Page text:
Spinning Tales: Best Spoken Word At Edinburgh Fringe 2014

1st Aug 2014

Spinning Tales: Best Spoken Word At Edinburgh Fringe 2014
All the cool kids are doing it. Spoken word is officially popular, progressive and being performed in bars, basements and retro cafes across the country. Now a staple at most arts festivals, it was with eagerness I perused the Edinburgh Fringe Festival website to find out what wonderful new and established performance poets would be on offer yelling obscenities, lamenting tragedies and spinning witty tales for their 2014 audiences...

What I found was slightly unexpected; Edinburgh Fringe this year seems, for the most part, to be dedicated to the newcomers rather than the  established performers.

For a start, the concept of spoken word was very loosely interpreted and while there is much to be said for encompassing all manner of verbal performances under this umbrella, it seems odd that stand-up comedy is included when there is a specific strand in the Fringe for that already.

As well, while spoken word poetry is without doubt the most well-known form of the art it now also apparently refers to any kind of talking performance as motivational speakers, spoken memoirs, half comedy, half-singing, half-speaking performances are now rife in the category.

Like I said, this is fine, or would be, if it wasn’t for the fact that it seems to have turned the whole concept of spoken word into a rather muddled idea.

This might explain why some of the best British women spoken word artists on the scene at the moment are mostly nowhere to be seen at this year’s Edinburgh Fringe.

Don’t get me wrong, it’s wonderful that there are so many newcomers trying to make a name for themselves and putting their stuff on show, but as a prospective audience member it would be nice to see some of the bigger names as well.

For the spoken word scene, it just doesn’t seem right that the likes of Hollie McNish (who will be at the Edinburgh Book Festival), Kate Tempest (winner of the Ted Hughes Prize for innovation in poetry with her Brand New Ancient’s work), Rachel McRum (of Rally and Broad), and Kat Francois, are absent.

That being said, there are some real gems to be found in the list of women performers this year and the eclectic mix means that there is something to suit all poetic tastes!

Some of the most exciting new faces are actually part of various mixed groups, the best of which I think is Loud Poets – a Scottish based group which markets itself as ‘fist-thumping, side-tickling, heart-wrenching poetry for the masses’.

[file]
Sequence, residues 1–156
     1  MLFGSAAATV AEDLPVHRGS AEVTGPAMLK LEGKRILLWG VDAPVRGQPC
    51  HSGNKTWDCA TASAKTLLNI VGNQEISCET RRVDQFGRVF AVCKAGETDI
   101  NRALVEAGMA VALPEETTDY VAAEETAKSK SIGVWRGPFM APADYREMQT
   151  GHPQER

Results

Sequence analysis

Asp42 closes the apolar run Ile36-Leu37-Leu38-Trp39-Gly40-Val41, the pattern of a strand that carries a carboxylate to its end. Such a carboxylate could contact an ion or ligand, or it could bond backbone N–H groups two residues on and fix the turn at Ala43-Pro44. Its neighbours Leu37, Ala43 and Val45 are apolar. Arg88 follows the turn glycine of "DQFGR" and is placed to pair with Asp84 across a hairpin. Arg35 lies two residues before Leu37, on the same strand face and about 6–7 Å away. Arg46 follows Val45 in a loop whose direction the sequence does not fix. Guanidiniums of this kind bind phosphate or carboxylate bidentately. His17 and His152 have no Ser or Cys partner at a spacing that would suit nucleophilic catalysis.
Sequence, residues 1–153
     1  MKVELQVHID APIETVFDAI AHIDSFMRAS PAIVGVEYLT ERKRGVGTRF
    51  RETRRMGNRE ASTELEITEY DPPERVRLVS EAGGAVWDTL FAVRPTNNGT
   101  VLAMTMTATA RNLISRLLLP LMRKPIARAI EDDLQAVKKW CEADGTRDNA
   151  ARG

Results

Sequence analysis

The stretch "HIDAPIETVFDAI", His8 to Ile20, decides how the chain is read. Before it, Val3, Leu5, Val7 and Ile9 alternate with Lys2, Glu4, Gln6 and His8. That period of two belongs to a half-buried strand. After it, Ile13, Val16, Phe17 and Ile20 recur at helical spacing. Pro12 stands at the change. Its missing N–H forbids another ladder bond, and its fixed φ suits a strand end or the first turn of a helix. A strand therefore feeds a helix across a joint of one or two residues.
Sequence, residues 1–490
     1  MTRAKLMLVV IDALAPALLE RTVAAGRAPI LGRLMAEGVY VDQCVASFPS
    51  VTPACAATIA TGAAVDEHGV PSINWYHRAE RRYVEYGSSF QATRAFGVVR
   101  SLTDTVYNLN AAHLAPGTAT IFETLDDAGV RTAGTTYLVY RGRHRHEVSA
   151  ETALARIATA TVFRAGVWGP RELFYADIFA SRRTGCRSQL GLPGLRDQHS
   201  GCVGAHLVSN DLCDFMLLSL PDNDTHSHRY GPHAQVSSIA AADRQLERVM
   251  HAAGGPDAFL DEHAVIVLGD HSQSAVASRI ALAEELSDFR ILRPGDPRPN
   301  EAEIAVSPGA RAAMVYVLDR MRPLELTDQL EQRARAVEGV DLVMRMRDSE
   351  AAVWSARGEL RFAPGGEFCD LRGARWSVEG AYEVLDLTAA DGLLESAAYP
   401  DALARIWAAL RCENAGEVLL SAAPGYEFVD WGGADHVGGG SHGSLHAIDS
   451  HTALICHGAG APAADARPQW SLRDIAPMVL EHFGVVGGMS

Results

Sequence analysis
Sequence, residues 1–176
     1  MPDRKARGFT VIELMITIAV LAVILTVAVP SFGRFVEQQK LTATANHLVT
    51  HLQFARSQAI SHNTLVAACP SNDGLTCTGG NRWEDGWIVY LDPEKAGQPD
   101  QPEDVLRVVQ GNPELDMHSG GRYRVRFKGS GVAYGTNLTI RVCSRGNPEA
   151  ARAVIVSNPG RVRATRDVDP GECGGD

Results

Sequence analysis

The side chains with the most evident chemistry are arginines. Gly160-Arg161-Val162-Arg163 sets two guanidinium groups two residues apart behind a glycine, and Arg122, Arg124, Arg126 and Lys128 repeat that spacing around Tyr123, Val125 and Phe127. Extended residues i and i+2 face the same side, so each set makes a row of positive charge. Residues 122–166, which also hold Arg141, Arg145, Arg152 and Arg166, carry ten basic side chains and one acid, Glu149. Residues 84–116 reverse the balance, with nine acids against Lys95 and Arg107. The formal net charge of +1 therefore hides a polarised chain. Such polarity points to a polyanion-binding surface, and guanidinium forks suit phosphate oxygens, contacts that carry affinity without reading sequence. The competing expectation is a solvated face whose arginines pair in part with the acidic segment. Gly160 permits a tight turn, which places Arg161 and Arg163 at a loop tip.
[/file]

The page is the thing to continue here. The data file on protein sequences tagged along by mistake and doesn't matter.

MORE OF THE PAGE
They have some of the brightest up and coming women poets at this year’s Fringe Festival, a particular highlight being the former Scottish Slam Champion Carly Brown, whose ingenious pieces of work include, “Texas I Can’t Bring You To Parties Anymore” and “Straight” (which as a fellow curly haired ginger girl I can relate to probably more than the next person – but which is still undiluted genius in both content and delivery).

Other members include Tayllor Johnson, whose poem “Dear Hip Hop” is hilarious, insightful and delivered with a beautiful rap-like fluency. Agnes Torok is equally entertaining with slightly less dramatic performances but with clever, well-written material non-the-less.

Of the up and coming solo performers one of the best and most notable is Jess Green, the English poet who penned a viral letter to Mr Gove, the education secretary about his extremely controversial, misguided and uninformed reform policies. As a teacher herself she provides the perfect blend of personal experience and poetic execution.

She got over 200,000 views on YouTube for this one video and it forms part of her first full-length show which she put together specifically for the Fringe.

The strong political stance she takes is both eye-opening and entertaining in equal measure with an excellent reference to how even the boys from One Direction surrounded by flamethrowers and projecting the face of Henry VIII’s wives into the sky would still not be enough to make the archaic curriculum interesting enough for the children she teaches. Definitely one to watch and keep an eye on for the future…


If you are more inclined towards the story telling sort of poetry and less of the loud, rap like versions offered by Loud Poets and Jess Green, then Lucy Ayrton’s show, ‘The Splitting of the Mermaid’ might be a good bet.

A returner to the Fringe, her style is quirky and comedic, but lacks the intensity of rhyme and rhythm of some of her contemporaries. She has been incredibly successful though and was short-listed for the Saboteur Award for Best Spoken Word Performer alongside the likes of Holly McNish and Kate Tempest.

Her show is a retelling of the Hans Christian Anderson “Little Mermaid” tale, and explores contemporary issues concerning women by reframing the story in a modern context.

An accomplished performer and clearly at ease on stage, she also has a self-deprecating streak which makes for a little light comedy before her acts taking the edge off the intensive nature of the messages she tries to impart with her performances.

To be fair this is just a flavour of all the spoken word on offer, and there are many other poets and a whole other variety of acts set to rock your socks off with their witty words and poetic pizazz in the spoken word category this year.

So block off the 1st to the 25th of August in your diaries and make sure you and your socks are all there to take part in what promises to be an eclectic barrage of new faces, bright talent and insightful words from a whole host of different voices!

So who will you be going to see at Edinburgh Fringe 2014? Leave us a comment! For Books’ Sake will be there and we can hardly wait!

[Image credit: Carly Brown – Slam Poetry Facebook Page]


  • Carmina says:

    Interesting finding out about some new poets. Though Jess Green wasn’t ever a teacher, but I believe she worked at a school as a Library Assistant.